The caravan pulls out of a Moultrie hotel at 7 p.m., heading for a nearby farm.
Inside the chain of vehicles are dozens of university students who are learning to be nurse practitioners, nurses, physical therapists, dental hygienists and pharmacists. They are joined by volunteers and faculty members who are veteran health care professionals.
Sharon Quinn, RN, of Atlanta leads the procession onto rural roads outside the South Georgia town, and eventually down a dirt road, past a dirt basketball court, stopping in a lot between a barracks and a cantina. It’s a camp for workers at a huge, privately owned vegetable farm.
Quinn, 51, has been taking these trips to farms in the area for several years. She is a veteran of Emory University Hospital’s intensive care unit who recently switched to the health IT field. She takes two weeks of vacation each year to help oversee an Emory program for students in health care professions, who come to Moultrie to treat farmworkers and their children in a four-county area.
Over 19 years, the program has delivered care to more than 15,000 migrant and seasonal farmworkers and their children in South Georgia during the peak growing season.
“It’s the completely opposite experience from academic health care in Atlanta,’’ Quinn says.
This farm has an H2A camp, meaning the farmer has applied to the federal government to employ workers with temporary visas. Several Hispanic workers are already seated in chairs, ready to be seen.
The students, after dousing themselves with bug spray and lugging portable chairs, set up the stations. There’s one for check-in. One for blood pressure, BMI, and glucose screening. Then there are tents posted for nurse practitioners, for physical therapy, for dental examinations.
Pharmacy students and faculty members set up a table in front of an Ellenton Health Clinic van. A nurse passes out hand fans to ward off the swarming gnats.
Lives of poverty and pain
One of those waiting is “R,’’ a man in his 60s, who points to several areas of pain: shoulder, back, foot. He also mentions headaches. Like others interviewed, he does not want to use his name, and speaks to a reporter through an interpreter.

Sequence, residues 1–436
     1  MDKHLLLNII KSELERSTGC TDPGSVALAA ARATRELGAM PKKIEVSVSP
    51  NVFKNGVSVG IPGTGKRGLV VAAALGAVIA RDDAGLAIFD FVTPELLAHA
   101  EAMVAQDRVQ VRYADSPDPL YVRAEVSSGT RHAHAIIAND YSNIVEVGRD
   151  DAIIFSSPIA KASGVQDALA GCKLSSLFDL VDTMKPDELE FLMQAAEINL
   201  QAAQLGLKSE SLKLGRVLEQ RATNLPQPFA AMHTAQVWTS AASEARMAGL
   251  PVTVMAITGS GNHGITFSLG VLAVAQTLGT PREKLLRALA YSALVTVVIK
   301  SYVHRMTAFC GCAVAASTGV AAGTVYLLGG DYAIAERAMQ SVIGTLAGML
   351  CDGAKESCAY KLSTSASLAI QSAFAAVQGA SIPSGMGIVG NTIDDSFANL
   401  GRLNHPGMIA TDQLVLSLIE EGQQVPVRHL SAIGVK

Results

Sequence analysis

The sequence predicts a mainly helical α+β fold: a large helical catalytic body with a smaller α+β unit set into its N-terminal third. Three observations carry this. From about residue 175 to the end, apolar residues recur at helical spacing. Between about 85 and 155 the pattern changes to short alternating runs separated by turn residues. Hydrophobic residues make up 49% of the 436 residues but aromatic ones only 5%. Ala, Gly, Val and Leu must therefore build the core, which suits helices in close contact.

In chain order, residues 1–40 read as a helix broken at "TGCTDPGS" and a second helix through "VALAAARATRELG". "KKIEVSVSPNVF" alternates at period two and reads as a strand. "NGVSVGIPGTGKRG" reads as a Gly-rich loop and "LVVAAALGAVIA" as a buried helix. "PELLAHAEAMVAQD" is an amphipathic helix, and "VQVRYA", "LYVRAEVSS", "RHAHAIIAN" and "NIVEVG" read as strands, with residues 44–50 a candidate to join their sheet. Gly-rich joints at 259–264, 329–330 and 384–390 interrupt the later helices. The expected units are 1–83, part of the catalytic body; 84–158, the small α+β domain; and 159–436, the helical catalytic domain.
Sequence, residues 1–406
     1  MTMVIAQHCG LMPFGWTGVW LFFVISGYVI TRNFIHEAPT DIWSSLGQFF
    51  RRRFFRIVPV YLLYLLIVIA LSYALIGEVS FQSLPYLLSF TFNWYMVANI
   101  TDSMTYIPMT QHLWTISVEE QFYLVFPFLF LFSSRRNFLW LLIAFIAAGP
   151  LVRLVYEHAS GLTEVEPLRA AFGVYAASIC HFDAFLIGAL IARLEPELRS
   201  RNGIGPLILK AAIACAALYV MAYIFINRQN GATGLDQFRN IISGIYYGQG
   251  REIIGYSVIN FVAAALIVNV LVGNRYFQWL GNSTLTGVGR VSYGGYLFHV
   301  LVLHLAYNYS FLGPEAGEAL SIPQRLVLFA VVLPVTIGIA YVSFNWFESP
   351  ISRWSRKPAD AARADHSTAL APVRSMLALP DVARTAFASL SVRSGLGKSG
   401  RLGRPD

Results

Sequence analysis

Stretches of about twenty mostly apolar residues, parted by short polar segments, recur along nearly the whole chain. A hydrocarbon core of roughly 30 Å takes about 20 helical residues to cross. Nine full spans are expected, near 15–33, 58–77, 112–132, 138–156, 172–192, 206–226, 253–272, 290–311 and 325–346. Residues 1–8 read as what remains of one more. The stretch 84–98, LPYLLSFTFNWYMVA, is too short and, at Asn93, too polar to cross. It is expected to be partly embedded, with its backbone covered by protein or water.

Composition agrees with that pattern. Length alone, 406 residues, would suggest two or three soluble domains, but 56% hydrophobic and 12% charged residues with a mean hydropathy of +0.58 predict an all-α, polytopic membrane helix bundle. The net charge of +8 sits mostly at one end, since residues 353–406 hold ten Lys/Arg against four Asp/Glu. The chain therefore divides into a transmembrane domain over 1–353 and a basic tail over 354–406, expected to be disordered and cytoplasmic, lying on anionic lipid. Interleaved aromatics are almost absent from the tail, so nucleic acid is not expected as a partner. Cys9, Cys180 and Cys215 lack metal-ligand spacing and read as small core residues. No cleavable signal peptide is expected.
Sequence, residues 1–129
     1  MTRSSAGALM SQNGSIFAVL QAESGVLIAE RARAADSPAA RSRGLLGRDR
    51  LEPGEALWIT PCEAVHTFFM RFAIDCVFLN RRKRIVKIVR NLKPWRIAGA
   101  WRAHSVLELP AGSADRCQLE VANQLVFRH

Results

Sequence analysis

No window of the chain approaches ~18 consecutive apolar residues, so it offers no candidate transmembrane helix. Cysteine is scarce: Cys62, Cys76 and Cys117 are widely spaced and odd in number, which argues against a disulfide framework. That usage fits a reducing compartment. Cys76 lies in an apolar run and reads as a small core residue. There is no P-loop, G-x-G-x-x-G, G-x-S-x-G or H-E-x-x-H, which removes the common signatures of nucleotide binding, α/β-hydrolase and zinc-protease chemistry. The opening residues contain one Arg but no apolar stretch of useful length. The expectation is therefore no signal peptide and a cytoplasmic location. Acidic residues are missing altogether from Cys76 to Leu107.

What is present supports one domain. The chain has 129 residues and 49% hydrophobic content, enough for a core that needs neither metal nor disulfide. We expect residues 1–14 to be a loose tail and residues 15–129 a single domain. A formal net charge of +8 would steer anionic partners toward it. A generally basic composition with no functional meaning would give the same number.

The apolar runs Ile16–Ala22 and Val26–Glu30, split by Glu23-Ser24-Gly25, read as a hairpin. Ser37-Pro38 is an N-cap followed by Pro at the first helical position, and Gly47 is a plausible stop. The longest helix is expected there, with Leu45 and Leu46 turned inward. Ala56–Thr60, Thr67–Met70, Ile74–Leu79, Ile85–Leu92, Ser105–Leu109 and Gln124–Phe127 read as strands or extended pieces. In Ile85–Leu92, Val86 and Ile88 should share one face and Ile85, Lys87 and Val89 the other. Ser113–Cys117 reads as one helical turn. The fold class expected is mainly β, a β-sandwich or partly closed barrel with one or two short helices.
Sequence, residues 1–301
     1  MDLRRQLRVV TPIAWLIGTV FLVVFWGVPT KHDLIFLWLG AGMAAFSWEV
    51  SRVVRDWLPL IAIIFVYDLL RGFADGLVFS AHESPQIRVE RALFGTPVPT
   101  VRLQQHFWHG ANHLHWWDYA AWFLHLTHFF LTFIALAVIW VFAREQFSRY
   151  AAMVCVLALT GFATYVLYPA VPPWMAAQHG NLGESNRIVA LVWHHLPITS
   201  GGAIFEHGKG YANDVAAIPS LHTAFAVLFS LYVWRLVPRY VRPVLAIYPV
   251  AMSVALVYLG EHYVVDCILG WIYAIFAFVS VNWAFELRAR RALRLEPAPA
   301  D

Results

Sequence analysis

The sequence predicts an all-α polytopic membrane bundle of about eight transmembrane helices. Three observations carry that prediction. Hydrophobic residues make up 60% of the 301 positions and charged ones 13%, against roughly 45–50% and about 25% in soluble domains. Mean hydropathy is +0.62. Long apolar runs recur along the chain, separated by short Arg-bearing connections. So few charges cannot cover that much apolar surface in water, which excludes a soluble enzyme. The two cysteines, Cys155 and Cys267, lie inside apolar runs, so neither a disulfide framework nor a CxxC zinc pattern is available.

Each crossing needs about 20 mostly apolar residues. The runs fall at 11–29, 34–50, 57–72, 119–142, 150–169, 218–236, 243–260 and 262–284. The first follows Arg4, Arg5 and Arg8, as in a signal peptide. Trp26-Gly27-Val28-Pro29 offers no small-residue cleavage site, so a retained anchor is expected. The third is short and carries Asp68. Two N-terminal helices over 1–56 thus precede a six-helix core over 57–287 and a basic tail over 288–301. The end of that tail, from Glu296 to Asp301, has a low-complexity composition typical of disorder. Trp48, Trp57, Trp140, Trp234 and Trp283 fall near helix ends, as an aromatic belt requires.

“R” comes from Mexico. He said it has been perhaps 20 years since he has seen a physician. He doesn’t make enough money to go to a doctor, he says.
“A,” a man in his 20s, also has back problems, he tells a nurse practitioner. He almost passed out from the heat the day before, he says.
“J,’’ 39, from Mexico, wears a Georgia Bulldogs baseball cap. He says he always looks forward to getting a general checkup, especially of his blood pressure. He stays in the Moultrie area from May till December, picking fruits and vegetables.
A long line forms at the glucose checkpoint. Diabetes is a problem among these workers. Yet many, too, get treated at the physical therapy tent. It’s run by grad students and a faculty member from Georgia State University.
The patients here do the backbreaking work of picking vegetables and fruits, such as peppers, eggplant, watermelons and cantaloupes.
The medical stations are run efficiently, with the only real hindrance being a scarcity of interpreters. Max Estrada, an Emory nursing student, is in constant demand because he’s one of the Spanish speakers, though many of the graduate nurse practitioners speak Spanish, too.
During the day, the students bring health care to workers’ children, who attend a local school. “We see every child, every year,’’ Quinn says. Common health problems among the kids are tooth decay, bug bites, obesity, anemia, earwax buildup and vision problems.
The student program was launched by Judith Wold, a professor in the Emory School of Nursing. The nurse practitioners come from Emory, as do the undergrad nursing students. Dental hygienist students come from Darton College in Albany, and Clayton State in Morrow, the pharmacy students from the University of Georgia. The Department of Psychology from Georgia State also participates.
Patients found to have serious problems are referred to the Ellenton clinic.